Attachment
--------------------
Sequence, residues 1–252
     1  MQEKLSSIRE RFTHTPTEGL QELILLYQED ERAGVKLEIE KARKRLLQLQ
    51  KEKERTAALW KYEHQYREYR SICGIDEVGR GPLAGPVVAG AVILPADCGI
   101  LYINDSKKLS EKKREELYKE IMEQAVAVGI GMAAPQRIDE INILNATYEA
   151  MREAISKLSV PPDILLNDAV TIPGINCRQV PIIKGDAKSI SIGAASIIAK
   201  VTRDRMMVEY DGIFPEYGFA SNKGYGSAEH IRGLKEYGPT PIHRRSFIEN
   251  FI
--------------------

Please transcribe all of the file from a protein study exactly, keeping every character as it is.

Sequence, residues 1–252
     1  MQEKLSSIRE RFTHTPTEGL QELILLYQED ERAGVKLEIE KARKRLLQLQ
    51  KEKERTAALW KYEHQYREYR SICGIDEVGR GPLAGPVVAG AVILPADCGI
   101  LYINDSKKLS EKKREELYKE IMEQAVAVGI GMAAPQRIDE INILNATYEA
   151  MREAISKLSV PPDILLNDAV TIPGINCRQV PIIKGDAKSI SIGAASIIAK
   201  VTRDRMMVEY DGIFPEYGFA SNKGYGSAEH IRGLKEYGPT PIHRRSFIEN
   251  FI